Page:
We'll go with option A



  • Be forewarned, this is nothing new or special. It's a typical management WTF, and it happens a thousand times a day. I did not cite any sources for that statistic, I'm just talking about my own company. If I include your company, it may increase this number.

    I was tasked to write some software, as managers tend to do to programmers from time to time. I sent out periodic demo versions of the tool for the manager to play with, sending only the executable each time as all functionality was contained within it, accessing only native Windows APIs.

    Or so I thought.

    At this one government location, they've apparently disabled comdlg32.ocx on their Windows XP machines, which renders my software useless. Below is the following email exchange between my manager and I:

    Manager: "We're getting an error message about comdlg32.ocx being missing. I don't have admin rights on this computer, is that what it's saying?"

    Me: "No. I always assumed the file would be there since it's supposedly part of the default Windows installation. We have two options:

    Option A - I'll make an installation package and include the file you need. You find out how to get someone to install software to your computer. Or...

    Option B - I'll recreate that interface myself in about three hours"

    Manager: "How long will option A take?"

    Me: "Well, it will take me about 60 seconds. The bulk of the work is on you to find out how to get someone to install it, and being on a government site means it could take weeks."

    Manager: "OK we'll go with option A"

    I groaned at this point, knowing he'd have a nifty little setup.exe that was completely useless to him as he did not have privileges to install it. Just another case where management hears "3 hours" vs "1 minute", and of course the shorter time makes more sense.

    The WTFs with this guy continue daily. He told me that there's an error on one screen where he can't edit the fields. It took me awhile to get him to admit that the background color of the fields was gray. This means the fields are currently read-only, as seen in basically every application created in the last couple decades. I asked if he saw an "Edit" button at the bottom of the window. Yes? Well click that.

    I told him this was how the software would work when I sent him the demo version, and I asked if he wanted to remove the read-only functionality. He said no, he liked it this way. And if I had this conversation with him only once, that would be bad enough. Nope...three times now, about three different forms. I call it form consistency, making them all look and act similarly.

    Maybe I'm taking crazy pills.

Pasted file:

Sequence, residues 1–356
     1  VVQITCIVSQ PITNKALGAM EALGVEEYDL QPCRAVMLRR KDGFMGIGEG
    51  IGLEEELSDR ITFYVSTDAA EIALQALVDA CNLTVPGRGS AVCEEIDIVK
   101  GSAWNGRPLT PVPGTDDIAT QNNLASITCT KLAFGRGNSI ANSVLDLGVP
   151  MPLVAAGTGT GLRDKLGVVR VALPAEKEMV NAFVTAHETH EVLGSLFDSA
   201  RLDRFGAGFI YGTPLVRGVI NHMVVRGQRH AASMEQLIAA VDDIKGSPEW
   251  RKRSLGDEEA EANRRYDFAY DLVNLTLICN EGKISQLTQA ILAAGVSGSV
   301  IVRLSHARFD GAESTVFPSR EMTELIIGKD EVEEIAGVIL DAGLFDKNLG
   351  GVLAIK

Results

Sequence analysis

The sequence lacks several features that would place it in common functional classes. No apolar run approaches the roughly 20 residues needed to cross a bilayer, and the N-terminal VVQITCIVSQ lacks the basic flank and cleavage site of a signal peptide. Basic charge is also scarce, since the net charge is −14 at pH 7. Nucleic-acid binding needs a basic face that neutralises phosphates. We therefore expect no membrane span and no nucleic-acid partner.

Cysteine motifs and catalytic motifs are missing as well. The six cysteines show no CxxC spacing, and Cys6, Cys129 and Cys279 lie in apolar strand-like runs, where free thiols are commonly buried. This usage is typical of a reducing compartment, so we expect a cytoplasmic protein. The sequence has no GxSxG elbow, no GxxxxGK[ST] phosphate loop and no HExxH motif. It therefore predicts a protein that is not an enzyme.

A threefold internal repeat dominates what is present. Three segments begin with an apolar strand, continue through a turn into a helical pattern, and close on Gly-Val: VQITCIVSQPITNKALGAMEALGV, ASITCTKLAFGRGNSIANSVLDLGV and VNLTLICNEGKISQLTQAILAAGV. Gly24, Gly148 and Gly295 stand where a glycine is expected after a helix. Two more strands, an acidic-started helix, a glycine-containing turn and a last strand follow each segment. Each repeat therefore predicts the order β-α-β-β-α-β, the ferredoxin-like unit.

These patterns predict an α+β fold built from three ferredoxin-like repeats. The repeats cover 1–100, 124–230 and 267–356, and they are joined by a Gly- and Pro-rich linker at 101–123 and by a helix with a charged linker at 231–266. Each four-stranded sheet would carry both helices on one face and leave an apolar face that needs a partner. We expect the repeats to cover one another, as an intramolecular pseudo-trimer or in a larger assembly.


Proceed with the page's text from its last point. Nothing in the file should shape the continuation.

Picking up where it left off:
• At my job (working on a bunch of internal web applications), our definition of consistency is to have all of the webpages use the same dumb "blue ice" background image....



  • [quote user="Manni"]

    Just another case where management hears "3 hours" vs "1 minute", and of course the shorter time makes more sense.

    [/quote]

     

    Does any developer even keep track of the number of times they have this kind of conversation any more?

    Manager: How do we fix this problem? 

    Me: We have two options: the quick-and-dirty fix that forces the data to make sense, or the right way that fixes the root cause.

    Manager: How long will each one take?

    Me: A couple of hours for the quick-and-dirty, and I'd guess about a week to figure out and fix the root cause...

    Manager: We'll go with Option A.

    Me: But it could mean ending up with bad data...

    Manager: That doesn't matter, as long as it gets the customer off our backs.



  • [quote user="Manni"]Maybe I'm taking crazy pills.[/quote]

    Better to take the crazy pills than to drink the kool-aid. 



  • [quote user="ecklis"]

    ...wrote a conversation I have daily

    [/quote]

    I guess my problem with the situation is that his solution doesn't solve anything. It would be like handing someone an 8mm tape when all they have is a CD drive. The solution exists, but it's completely unusable because of the system setup.

    Basically I spend no time fixing the problem, and the problem is still there. Somehow this counts as corrective action.



  • Option A - I'll make an installation package and include the file you need. You find out how to get someone to install software to your computer. Or...

    Option B - I'll recreate that interface myself in about three hours"

     

    I agree 100% with your boss actually. Recreating the functionality in comdlg32 would be ridiculous. Use the APIs when you have them. If you read from a rational standpoint, he is making the correct decision, and attacking the root cause of the problem. You recreating that functionality introduces more risk of bugs, time (money), and limited functionality. Just because you CAN code something doesn't mean you should. I would definitely be posting a new WTF if I came across your code, where you had recreated comdlg32 instead of using it....